WinRM client certificate authentication
Scripts and tools in this repository help you easily setup a secure WinRM endpoint for your windows and connect to it painlessly.
clientcontains tools for generating client certificates
servercontains tools for setting up server
ansiblecontains an example of connecting to certificate authentication enabled winrm hosts
Scripts in this repository run on Windows Server 2012 and above systems.
Warning: scripts in this repository configure Windows Servers to use self-signed certificates (instead of certificates from valid CAs) to secure HTTPS endpoints. A client may take its own risks to connect to these servers. Should you have any concern about security of your server or the connections, you should not use scripts in this repository.
- You have a Windows Server with Username and Password authentication enabled (Remote desktop or PSRemoting)
- You have setup a personal private key (the client certificate) on your local computer. If you haven't done it, here are the steps:
- Go to releases page and download
client.zipfrom this repo
- Extract the archive and execute
.\generate.ps1 <your_name>to generate a private key in pfx format
- Execute this command to import this pfx into your computer:
Import-PfxCertificate -FilePath cert.pfx -CertStoreLocation Cert:\CurrentUser\My
- To obtain your public key, execute this command with the thumbprint value output from the last step:
. .\connect.ps1 <your_thumbprint>
- Go to releases page and download
Enable secure WinRM on your Windows Server
Replace username, password and user public key in following command line to your values and execute it on your server, everthing will work:
(New-Object Net.WebClient).DownloadString("https://raw.githubusercontent.com/jijiechen/winrm-client-certificate-auth/master/serve r/0-init.ps1") | iex ; Init-SecureWinRM "your_username" "your_password" "-----YOUR PUBLIC KEY CERTIFICATE-----"
What it does:
- Enable WinRM with an HTTPS endpoint, which was secured by a self-signed certificate
- Disable the defaultly enabled HTTP endpoint in WinRM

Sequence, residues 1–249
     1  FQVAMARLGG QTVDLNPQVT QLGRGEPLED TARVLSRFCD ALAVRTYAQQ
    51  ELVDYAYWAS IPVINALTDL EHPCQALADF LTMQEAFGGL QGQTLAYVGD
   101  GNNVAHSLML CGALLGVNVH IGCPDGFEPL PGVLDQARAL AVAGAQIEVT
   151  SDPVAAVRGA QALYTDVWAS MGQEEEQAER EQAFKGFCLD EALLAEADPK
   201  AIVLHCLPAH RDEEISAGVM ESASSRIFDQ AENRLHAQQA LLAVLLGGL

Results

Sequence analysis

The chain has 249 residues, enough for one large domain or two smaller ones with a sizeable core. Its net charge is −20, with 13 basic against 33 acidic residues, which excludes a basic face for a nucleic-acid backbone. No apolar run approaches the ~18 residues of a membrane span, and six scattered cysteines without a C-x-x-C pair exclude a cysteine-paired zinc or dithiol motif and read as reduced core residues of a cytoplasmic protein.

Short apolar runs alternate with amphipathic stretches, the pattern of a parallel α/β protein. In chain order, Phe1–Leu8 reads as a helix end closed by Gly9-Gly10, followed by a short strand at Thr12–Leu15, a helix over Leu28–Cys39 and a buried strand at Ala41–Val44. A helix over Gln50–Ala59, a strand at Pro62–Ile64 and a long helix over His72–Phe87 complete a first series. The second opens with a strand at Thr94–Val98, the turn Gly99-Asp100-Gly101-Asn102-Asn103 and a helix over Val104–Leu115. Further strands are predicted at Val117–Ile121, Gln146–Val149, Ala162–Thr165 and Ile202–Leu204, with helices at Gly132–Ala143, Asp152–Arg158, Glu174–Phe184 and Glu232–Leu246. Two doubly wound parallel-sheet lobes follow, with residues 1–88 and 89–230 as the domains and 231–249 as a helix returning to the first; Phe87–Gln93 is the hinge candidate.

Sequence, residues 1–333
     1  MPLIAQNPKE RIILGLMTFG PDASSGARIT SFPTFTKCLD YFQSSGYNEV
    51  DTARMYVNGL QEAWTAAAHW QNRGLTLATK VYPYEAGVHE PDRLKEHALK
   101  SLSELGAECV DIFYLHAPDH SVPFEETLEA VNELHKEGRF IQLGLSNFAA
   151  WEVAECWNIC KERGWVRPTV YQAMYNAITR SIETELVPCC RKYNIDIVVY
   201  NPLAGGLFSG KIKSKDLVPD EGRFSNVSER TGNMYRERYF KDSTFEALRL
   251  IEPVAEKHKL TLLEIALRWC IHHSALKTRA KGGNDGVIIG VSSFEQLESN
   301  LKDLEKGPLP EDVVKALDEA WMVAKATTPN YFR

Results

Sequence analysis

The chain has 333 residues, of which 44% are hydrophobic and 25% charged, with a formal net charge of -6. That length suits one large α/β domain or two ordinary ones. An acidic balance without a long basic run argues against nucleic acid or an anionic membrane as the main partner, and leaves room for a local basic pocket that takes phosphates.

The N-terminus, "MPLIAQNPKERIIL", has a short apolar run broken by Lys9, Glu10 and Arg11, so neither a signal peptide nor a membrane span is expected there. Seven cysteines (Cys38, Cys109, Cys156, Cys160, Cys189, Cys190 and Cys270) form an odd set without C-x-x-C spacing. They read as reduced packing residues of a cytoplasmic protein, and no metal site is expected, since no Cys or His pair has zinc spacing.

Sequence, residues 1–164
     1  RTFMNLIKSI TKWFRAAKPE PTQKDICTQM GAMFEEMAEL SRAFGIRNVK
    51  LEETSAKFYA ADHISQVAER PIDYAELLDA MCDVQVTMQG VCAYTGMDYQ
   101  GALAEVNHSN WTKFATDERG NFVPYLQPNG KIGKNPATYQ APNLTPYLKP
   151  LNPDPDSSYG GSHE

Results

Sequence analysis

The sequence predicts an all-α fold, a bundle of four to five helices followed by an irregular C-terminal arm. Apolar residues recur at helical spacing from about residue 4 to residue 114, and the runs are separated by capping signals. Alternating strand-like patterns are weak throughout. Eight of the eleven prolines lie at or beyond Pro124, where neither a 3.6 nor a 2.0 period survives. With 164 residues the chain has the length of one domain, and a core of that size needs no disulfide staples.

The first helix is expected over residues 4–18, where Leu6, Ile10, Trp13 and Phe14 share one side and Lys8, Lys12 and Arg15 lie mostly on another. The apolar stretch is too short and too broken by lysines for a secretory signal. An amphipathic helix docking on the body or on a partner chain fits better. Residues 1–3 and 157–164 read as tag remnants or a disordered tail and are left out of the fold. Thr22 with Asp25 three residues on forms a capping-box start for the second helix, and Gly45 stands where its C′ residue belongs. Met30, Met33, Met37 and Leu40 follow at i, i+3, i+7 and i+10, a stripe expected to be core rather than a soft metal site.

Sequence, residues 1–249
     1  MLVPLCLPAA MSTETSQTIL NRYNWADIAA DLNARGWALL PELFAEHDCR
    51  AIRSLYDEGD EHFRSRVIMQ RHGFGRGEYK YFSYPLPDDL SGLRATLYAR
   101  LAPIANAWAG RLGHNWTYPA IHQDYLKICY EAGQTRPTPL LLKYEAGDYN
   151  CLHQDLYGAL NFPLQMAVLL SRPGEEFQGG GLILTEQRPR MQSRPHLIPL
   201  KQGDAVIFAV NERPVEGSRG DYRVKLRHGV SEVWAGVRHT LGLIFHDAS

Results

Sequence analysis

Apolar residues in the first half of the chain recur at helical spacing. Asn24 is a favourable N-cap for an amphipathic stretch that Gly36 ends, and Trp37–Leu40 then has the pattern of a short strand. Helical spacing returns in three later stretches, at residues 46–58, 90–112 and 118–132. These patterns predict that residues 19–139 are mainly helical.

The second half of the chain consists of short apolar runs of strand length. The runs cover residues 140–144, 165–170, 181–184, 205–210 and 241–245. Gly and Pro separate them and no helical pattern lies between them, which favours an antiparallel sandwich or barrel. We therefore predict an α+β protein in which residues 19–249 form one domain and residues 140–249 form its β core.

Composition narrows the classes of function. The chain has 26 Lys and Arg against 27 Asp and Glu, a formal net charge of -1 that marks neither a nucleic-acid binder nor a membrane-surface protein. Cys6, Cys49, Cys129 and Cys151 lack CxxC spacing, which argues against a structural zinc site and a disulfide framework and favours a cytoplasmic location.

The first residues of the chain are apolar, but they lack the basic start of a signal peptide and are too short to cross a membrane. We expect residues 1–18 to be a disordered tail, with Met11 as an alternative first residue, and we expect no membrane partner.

- Enable the
- Disable the
Kerberosauthentication (Authenticate by username and password pair)
- Make a firewall exception for the secure WinRM port (5986)
- Import the public key of client certificate onto server and map it to the given credential
It will also cleanup existing HTTPS endpoint, firewall rule and cert user mapping if there is so that this script is able to be executed and retried.
Tip: the script will print thumbprint of generated server certificate. You can write it down and compare this value on connecting.
Connect to a secure WinRM Windows Server
On the client machine, add your server into trusted host list and use the builtin commands to connect:
Set-Item -Path WSMan:\localhost\Client\TrustedHosts -Value <your_server_hostname> -Force -Concatenate Enter-PSSession -ComputerName <your_server_hostname> -UseSsl -CertificateThumbprint <your_thumbprint>
If you run into errors complaining certificate validation errors, that's normal and proves the server is configured correctly. The error occurs because the server uses self-generated certificates instead of certificates issued from a valid CA. The certificate checking is normally very strict, valiation errors on authority or CN of a certificate indicate multiple types of certificate attacking (e.g. man-in-the-middle).
If your server runs in a trusted network, or if you trust the connection anyway, just ignore the certificate warnings:
Enter-PSSession -ComputerName <your_server_hostname> -UseSsl -CertificateThumbprint <your_thumbprint> -SessionOption (New-PSSessionOption -SkipCACheck -SkipCNCheck)
This repo also provides a convenient way to connect to remote PowerShell sessions. Just source the
connect.ps1 using dot(.) and execute
. .\connect.ps1 <your_thumbprint> # Only need to run once. It's suggested to source it from your powershell profile Connect-RemotePS <your_server_hostname> # This may throw certificate errors Connect-RemotePS <your_server_hostname> -NoCheck
Again, if you don't know what you are doing, stop using it. So use them at your own risk.